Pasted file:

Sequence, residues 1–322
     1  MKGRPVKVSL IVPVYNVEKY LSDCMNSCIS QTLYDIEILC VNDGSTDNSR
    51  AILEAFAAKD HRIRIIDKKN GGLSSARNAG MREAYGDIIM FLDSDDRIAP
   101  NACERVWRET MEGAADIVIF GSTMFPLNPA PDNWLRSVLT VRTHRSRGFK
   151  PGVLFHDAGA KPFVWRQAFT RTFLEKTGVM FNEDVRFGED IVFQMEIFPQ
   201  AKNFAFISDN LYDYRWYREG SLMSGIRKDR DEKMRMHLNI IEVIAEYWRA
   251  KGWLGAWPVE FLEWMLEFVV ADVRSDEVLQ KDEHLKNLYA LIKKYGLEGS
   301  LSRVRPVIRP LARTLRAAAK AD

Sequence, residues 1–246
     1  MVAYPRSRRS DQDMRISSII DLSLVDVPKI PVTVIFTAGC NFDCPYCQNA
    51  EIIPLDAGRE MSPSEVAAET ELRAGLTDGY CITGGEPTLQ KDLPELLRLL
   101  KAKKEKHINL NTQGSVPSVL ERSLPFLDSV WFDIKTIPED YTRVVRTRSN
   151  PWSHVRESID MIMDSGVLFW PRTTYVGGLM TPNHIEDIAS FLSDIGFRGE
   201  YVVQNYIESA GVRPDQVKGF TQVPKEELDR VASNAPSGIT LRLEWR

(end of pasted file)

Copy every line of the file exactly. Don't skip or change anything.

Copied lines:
Sequence, residues 1–322
     1  MKGRPVKVSL IVPVYNVEKY LSDCMNSCIS QTLYDIEILC VNDGSTDNSR
    51  AILEAFAAKD HRIRIIDKKN GGLSSARNAG MREAYGDIIM FLDSDDRIAP
   101  NACERVWRET MEGAADIVIF GSTMFPLNPA PDNWLRSVLT VRTHRSRGFK
   151  PGVLFHDAGA KPFVWRQAFT RTFLEKTGVM FNEDVRFGED IVFQMEIFPQ
   201  AKNFAFISDN LYDYRWYREG SLMSGIRKDR DEKMRMHLNI IEVIAEYWRA
   251  KGWLGAWPVE FLEWMLEFVV ADVRSDEVLQ KDEHLKNLYA LIKKYGLEGS
   301  LSRVRPVIRP LARTLRAAAK AD

Sequence, residues 1–246
     1  MVAYPRSRRS DQDMRISSII DLSLVDVPKI PVTVIFTAGC NFDCPYCQNA
    51  EIIPLDAGRE MSPSEVAAET ELRAGLTDGY CITGGEPTLQ KDLPELLRLL
   101  KAKKEKHINL NTQGSVPSVL ERSLPFLDSV WFDIKTIPED YTRVVRTRSN
   151  PWSHVRESID MIMDSGVLFW PRTTYVGGLM TPNHIEDIAS FLSDIGFRGE
   201  YVVQNYIESA GVRPDQVKGF TQVPKEELDR VASNAPSGIT LRLEWR